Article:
Type of publication:
Randomised controlled trial
Ugo Grossi, Natasha Stevens, Eleanor McAlees, *Jon Lacy-Colson, Steven Brown, Anthony Dixon, Gian Luca Di Tanna, S. Mark Scott, Christine Norton, Nadine Marlin, James Mason, Charles H. Knowles, and On behalf of the NIHR CapaCiTY working group
Trials; Feb 2018; vol. 19 (no. 1)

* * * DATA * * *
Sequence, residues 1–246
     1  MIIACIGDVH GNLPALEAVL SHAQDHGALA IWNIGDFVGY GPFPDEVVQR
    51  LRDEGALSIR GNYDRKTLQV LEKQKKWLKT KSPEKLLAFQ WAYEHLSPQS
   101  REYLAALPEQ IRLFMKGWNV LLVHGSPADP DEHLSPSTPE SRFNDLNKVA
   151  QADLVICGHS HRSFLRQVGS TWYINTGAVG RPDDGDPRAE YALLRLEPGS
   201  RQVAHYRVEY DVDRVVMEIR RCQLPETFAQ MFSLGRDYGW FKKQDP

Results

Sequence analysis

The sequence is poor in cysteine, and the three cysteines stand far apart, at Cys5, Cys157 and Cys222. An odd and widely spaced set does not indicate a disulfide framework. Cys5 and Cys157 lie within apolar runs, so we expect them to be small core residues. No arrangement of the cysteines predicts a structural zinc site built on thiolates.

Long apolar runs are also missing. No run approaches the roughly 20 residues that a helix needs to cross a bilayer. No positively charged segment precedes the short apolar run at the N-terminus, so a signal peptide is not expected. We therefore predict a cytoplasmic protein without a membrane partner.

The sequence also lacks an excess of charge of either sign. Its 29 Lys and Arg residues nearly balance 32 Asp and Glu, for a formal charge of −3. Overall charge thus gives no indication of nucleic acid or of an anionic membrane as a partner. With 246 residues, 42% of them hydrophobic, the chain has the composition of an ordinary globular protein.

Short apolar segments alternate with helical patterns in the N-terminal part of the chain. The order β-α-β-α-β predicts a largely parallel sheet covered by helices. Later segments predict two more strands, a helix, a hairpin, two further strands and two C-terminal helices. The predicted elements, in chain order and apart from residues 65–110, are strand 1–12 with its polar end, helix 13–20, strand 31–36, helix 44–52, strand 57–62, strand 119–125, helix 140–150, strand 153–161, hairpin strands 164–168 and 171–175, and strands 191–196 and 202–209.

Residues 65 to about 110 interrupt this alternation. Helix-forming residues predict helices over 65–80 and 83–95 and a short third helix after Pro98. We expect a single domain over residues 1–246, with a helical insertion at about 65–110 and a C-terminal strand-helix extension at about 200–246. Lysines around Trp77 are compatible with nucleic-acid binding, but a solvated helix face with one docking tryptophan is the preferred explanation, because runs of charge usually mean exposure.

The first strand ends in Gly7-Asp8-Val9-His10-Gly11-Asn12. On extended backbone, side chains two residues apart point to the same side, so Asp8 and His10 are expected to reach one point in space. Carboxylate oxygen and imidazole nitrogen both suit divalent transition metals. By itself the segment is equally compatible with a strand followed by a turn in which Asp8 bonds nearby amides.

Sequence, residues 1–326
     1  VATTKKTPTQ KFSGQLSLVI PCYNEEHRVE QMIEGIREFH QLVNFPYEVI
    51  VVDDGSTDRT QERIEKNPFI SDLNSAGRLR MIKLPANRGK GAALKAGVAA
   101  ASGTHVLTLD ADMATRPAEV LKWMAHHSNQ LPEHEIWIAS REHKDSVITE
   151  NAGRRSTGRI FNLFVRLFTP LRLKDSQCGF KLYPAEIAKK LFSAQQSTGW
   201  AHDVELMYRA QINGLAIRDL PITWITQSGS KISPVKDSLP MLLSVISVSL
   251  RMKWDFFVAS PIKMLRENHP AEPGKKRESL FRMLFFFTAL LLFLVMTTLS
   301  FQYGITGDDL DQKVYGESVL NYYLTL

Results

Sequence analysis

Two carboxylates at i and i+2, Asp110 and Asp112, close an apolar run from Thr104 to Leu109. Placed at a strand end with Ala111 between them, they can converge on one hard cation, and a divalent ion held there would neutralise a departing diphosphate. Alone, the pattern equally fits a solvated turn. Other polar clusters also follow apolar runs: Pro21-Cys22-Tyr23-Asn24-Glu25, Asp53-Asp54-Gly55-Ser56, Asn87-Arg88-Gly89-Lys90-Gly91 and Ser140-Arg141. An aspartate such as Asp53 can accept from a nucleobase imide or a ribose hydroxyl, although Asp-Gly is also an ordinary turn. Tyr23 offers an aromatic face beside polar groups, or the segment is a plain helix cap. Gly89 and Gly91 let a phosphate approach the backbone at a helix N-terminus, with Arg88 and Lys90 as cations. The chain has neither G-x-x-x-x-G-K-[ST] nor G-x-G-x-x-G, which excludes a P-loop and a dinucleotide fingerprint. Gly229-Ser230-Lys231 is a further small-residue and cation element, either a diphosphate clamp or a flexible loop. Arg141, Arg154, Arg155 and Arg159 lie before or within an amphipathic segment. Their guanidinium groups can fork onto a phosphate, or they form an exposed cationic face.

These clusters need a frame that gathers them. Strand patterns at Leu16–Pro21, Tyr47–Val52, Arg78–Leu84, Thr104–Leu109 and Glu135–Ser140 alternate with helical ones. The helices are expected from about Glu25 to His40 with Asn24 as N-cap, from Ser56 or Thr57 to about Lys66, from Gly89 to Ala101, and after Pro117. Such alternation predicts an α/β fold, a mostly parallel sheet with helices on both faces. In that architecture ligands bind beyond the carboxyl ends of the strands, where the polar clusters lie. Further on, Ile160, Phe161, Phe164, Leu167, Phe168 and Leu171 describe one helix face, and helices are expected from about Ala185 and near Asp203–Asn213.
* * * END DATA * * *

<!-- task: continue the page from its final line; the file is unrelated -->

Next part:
Background: Laparoscopic ventral mesh rectopexy (LVMR) is an established treatment for external full thickness rectal prolapse. However, its clinical efficacy in patients with internal prolapse is uncertain due to the lack of high-quality evidence. Methods: An individual level, stepped-wedge randomised trial has been designed to allow observer-blinded data comparisons between patients awaiting LVMR with those who have undergone surgery. Adults with symptomatic internal rectal prolapse, unresponsive to prior conservative management, will be eligible to participate. They will be randomised to three arms with different delays before surgery (0, 12 and 24 weeks). Efficacy outcome data will be collected at equally stepped time points (12, 24, 36 and 48 weeks). The primary objective is to determine clinical efficacy of LVMR compared to controls with reduction in the Patient Assessment of Constipation Quality of Life (PAC-QOL) at 24 weeks serving as the primary outcome. Secondary objectives are to determine: (1) the clinical effectiveness of LVMR to 48 weeks to a maximum of 72 weeks; (2) pre-operative determinants of outcome; (3) relevant health economics for LVMR; (4) qualitative evaluation of patient and health professional experience of LVMR and (5) 30-day morbidity and mortality rates. Discussion: An individual-level, stepped-wedge, randomised trial serves the purpose of providing an untreated comparison for the active treatment group, while at the same time allowing the waiting-listed participants an opportunity to obtain the intervention at a later date. In keeping with the basic ethical tenets of this design, the average waiting time for LVMR (12 weeks) will be shorter than that for routine services (24 weeks).